I mention all this not so much to re-litigate the story of Israel’s War of Independence, but to underscore how grotesque it is that the Times has managed to turn a news article about Holocaust remembrance into an opportunity to launch false accusations against the founders of the Jewish state. The Times perfervid fantasy of marauding Zionist occupiers liquidating Arab villages goes well beyond the facts recounted by even the fleeing villagers themselves in the Journal of Palestine Studies. It seems un-moored to reality. The Times cites no evidence or historical sources to support its claims.

Happy Holocaust Remembrance Day to you.

2a) Right From Wrong: North Korea on Israel’s doorstep
“The greatest threat we face from [Supreme Leader] Kim Jong-un is probably not a suicidal attack against the United States or our allies in Northeast Asia with nuclear missiles.” Iran is reacting angrily to US Secretary of State Rex Tillerson’s announcement last Tuesday, and to subsequent comments made by US Defense Secretary James Mattis Wednesday during a visit to Saudi Arabia, about the launch of a review of the Joint Comprehensive Plan of Action signed between Tehran and world powers in July 2015.

On Thursday, Iranian Foreign Minister Mohammad Javad Zarif – a chief negotiator of the nuclear deal – tweeted: “Worn-out US accusations can’t mask its admission of Iran’s compliance with JCPOA, obligating US to change course & fulfill its own commitments.”

Zarif was referring to claims by the Trump administration that it would not walk away from the deal in the meantime.

The part that Zarif and Iranian Supreme Leader Ayatollah Ali Khamenei have been leaving out of their anti-American rhetoric – and assertions that the US is the party violating the agreement – is the real reason for Washington’s review of the JCPOA, which in any case merely delays Iran’s nuclear weapons program.

As Tillerson explained, it is Iran’s “alarming and ongoing provocations that export terror and violence, destabilizing more than one country at a time” that make it necessary to prevent the regime in Tehran from “travel[ing]... the same path as North Korea.”

Indeed, even as it engaged in repeated talks with representatives of the P5+1 countries (the US, the UK, China, France, Russia and Germany), Iran continued funding and training terrorists across the Middle East to do its dirty work.

One of its key proxies is Hezbollah in Lebanon, the Shi’ite organization that has also been fighting on the ground in Syria on behalf of President Bashar Assad.

Though Iran unveiled missiles inscribed with a Hebrew warning about wiping Israel off the map, it nevertheless has been relying on Hezbollah, situated along Israel’s northern border, to carry out this objective, bit by bit, through battles of attrition that involve both limited terrorist operations and all-out war. Its last major military campaign against the Jewish state took place in the summer of 2006. The 34-day Second War in Lebanon, during which rockets blitzed northern Israel and reached as far south as Haifa, culminated in UN Security Council Resolution 1701, according to which Hezbollah would be prevented from re-arming.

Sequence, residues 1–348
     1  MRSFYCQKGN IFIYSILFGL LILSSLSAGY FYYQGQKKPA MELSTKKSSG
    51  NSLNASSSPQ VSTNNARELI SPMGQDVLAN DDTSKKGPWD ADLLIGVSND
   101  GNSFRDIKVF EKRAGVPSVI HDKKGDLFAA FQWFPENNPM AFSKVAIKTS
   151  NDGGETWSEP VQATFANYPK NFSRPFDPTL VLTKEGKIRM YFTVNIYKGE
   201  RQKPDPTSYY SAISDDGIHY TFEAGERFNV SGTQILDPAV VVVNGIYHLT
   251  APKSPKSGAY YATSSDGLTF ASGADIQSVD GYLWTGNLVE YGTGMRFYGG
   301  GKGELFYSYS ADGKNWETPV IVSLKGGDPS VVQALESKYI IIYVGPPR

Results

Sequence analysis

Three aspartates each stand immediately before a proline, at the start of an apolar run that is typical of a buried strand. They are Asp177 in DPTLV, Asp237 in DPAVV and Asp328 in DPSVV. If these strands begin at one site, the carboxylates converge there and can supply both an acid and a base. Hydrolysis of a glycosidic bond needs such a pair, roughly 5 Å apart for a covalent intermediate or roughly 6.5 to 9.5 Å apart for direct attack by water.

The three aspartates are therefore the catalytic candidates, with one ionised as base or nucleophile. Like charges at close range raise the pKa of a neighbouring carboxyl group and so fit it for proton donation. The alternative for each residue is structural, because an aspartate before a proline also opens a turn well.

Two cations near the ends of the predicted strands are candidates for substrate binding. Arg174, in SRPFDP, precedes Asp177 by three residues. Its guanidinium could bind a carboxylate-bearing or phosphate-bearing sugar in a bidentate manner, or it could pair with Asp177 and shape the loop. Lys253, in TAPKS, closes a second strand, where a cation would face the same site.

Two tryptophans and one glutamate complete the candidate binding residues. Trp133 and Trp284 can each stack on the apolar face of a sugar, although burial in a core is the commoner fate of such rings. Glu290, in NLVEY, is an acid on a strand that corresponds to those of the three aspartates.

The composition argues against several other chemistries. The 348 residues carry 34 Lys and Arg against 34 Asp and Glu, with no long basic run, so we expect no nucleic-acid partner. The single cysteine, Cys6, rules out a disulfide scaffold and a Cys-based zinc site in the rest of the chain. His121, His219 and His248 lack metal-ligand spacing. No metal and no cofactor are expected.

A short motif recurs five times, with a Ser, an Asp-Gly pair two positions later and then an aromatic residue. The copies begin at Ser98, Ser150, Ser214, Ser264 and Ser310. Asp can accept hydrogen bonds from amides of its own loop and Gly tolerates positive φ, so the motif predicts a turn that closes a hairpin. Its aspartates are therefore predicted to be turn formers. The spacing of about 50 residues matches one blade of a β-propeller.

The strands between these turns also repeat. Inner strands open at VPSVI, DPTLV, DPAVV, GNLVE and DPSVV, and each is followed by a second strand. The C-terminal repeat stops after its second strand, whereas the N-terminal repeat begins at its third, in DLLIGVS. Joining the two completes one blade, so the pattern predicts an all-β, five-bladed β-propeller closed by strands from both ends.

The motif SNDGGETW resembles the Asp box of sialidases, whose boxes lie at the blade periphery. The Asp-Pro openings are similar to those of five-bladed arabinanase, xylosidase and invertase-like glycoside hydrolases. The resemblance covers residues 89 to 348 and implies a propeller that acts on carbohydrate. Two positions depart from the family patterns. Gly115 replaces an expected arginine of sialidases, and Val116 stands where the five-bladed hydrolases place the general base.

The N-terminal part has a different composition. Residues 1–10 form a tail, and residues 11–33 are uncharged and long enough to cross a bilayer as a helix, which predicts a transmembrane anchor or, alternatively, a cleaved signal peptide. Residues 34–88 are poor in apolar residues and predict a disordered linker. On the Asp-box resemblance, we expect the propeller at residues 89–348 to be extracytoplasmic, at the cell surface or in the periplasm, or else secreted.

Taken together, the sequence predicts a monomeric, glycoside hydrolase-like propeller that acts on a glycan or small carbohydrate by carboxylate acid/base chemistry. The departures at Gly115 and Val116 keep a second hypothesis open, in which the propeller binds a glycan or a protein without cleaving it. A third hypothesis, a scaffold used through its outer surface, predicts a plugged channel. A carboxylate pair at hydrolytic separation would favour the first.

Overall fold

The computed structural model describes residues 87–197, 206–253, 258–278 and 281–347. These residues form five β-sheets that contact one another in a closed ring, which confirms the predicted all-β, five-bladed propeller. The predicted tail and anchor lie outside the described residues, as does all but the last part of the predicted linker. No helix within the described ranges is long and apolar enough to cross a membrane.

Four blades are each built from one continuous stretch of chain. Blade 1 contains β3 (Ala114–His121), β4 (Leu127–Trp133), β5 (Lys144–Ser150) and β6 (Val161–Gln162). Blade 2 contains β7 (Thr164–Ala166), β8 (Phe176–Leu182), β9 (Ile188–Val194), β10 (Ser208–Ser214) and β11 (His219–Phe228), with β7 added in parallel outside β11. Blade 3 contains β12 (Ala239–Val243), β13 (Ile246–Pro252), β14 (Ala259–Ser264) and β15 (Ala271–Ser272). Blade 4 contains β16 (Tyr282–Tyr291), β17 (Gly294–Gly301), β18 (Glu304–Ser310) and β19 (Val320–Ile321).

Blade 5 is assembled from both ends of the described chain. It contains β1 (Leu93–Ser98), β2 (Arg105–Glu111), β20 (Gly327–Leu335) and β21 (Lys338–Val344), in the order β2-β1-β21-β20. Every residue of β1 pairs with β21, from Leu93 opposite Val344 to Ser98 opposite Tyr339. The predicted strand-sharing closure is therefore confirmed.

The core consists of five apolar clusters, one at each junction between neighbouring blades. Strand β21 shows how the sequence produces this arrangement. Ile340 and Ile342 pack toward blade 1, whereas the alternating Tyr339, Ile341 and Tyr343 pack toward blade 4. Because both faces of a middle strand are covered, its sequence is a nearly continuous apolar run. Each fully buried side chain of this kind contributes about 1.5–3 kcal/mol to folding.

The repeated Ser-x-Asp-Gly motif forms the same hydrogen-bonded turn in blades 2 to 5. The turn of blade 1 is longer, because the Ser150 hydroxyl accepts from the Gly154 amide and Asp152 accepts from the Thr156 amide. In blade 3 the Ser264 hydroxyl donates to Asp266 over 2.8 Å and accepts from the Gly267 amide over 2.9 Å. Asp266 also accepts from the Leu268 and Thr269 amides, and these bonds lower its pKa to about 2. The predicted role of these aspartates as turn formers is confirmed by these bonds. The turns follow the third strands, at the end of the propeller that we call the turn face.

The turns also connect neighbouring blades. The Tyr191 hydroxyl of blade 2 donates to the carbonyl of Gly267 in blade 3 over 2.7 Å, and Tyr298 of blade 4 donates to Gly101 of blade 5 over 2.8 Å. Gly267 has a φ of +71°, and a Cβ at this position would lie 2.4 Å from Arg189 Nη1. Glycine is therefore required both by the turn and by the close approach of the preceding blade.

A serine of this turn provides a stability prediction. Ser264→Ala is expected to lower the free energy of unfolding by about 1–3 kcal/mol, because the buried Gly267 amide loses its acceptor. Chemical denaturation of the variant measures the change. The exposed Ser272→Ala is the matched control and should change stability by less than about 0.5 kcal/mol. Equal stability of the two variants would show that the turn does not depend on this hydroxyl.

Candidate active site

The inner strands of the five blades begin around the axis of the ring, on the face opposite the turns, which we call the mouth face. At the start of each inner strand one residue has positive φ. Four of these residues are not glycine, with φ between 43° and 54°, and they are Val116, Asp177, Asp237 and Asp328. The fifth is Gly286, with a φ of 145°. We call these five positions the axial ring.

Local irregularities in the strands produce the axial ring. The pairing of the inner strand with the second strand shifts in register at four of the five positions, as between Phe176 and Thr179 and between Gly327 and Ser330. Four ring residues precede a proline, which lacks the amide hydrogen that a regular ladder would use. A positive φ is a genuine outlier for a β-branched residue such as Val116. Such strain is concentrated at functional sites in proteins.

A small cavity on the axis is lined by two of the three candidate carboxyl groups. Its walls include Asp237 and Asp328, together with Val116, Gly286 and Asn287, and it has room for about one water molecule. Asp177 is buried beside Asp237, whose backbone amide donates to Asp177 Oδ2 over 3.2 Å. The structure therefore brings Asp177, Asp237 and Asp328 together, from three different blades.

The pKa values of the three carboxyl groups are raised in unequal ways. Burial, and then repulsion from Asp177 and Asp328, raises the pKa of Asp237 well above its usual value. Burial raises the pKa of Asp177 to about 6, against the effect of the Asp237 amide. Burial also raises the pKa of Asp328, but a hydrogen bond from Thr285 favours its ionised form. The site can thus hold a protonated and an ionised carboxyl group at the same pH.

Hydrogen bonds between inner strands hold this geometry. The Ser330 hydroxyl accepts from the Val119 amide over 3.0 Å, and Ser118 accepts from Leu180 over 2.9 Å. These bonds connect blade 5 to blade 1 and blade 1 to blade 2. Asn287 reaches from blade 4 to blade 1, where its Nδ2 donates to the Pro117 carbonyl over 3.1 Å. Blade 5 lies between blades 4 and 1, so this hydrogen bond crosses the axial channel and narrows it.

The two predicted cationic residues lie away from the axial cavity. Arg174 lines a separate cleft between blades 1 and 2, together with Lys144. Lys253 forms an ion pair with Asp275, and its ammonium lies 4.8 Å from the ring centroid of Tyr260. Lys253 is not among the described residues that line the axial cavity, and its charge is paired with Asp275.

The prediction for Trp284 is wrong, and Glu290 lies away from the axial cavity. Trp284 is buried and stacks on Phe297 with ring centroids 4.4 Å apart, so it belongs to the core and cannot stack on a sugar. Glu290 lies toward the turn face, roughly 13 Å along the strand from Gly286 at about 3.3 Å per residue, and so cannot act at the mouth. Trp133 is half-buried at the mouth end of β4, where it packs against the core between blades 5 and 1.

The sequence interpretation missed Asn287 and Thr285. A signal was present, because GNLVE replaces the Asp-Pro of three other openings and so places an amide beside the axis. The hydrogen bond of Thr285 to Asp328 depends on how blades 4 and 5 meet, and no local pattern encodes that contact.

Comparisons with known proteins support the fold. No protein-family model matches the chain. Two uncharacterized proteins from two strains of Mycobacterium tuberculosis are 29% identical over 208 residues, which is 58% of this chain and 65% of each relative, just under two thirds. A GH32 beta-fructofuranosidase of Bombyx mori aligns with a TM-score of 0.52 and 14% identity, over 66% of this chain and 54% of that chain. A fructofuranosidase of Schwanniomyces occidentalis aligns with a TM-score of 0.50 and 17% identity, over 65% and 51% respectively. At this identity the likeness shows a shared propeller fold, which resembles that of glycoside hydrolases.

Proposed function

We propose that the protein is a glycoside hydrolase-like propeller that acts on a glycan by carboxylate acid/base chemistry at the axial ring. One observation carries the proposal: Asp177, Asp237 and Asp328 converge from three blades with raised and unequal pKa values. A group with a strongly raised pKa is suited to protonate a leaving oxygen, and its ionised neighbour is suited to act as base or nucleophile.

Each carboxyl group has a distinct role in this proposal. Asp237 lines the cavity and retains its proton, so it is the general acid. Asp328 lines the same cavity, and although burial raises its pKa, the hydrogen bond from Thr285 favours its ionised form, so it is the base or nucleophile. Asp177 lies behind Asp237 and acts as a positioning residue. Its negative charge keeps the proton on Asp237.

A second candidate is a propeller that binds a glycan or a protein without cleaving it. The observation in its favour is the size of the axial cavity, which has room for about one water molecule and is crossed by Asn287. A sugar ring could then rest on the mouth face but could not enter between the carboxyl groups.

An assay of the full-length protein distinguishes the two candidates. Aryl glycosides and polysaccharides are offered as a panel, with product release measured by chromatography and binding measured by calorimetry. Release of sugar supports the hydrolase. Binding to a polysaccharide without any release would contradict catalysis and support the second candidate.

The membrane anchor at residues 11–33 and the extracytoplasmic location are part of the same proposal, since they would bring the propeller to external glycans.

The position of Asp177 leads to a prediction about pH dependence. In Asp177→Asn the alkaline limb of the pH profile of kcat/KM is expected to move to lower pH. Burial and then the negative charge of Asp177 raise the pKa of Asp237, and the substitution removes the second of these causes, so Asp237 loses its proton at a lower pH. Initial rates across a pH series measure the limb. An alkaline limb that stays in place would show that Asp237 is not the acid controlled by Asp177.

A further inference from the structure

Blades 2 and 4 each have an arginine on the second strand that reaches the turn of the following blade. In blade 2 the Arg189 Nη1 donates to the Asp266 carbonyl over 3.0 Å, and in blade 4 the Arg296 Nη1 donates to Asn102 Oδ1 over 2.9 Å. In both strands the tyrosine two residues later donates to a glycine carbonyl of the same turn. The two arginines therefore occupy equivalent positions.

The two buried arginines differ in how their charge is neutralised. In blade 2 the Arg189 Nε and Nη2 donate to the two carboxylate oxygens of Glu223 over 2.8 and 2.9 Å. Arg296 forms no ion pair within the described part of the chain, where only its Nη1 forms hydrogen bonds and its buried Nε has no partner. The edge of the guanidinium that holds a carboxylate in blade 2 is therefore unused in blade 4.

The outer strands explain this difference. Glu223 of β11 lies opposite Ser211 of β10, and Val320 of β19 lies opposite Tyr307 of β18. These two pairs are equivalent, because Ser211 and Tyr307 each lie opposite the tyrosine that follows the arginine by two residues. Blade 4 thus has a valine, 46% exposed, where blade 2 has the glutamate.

Before the ink on that resolution was dry, however, the terrorist group began to rebuild its arsenal and recruit additional fighters – all courtesy of Iran.

When it set up shop in Syria, with weapons provided by Tehran and Moscow, Israel – abandoned by the Obama administration – was forced to appeal to Russia.

Prime Minister Benjamin Netanyahu visited the Kremlin several times, to “coordinate” military air traffic with Russian President Vladimir Putin. Netanyahu requested and reportedly received an assurance from Putin that he would not shoot down any Israel Air Force jets conducting strikes against Hezbollah convoys from Syria transporting weapons to its base in Lebanon.

So far, this arrangement seems to have been kept, as a few alleged Israeli attacks on such convoys have been carried out successfully, without interference from Moscow. Even more significant is the fact that these convoys reportedly contained advanced North Korean missiles.

Nor is this the first evidence of the tight ties between Tehran and Pyongyang. In fact, North Korea has been in nuclear cahoots with Iran for years. Tillerson’s concern, therefore, is as apt as it is late in coming.

Israel, the only US ally in the Middle East that actually shares its democratic system and values, hasn’t had the luxury of ignoring such developments, which constitute a concrete threat to its survival.

To prepare for the next, inevitable war with Hezbollah, backed openly by Iran and indirectly by North Korea, the IDF has been busy reinforcing its defensive positions along its northern border.

In a rare move, according to a Ynet report Thursday, members of the propaganda wing of Hezbollah took a group of Lebanese journalists on a tour of the border, and provided details – including the name of the head of the IDF Northern Command – of Israeli preparations, which he called a shift “from an offensive doctrine to a defensive one.”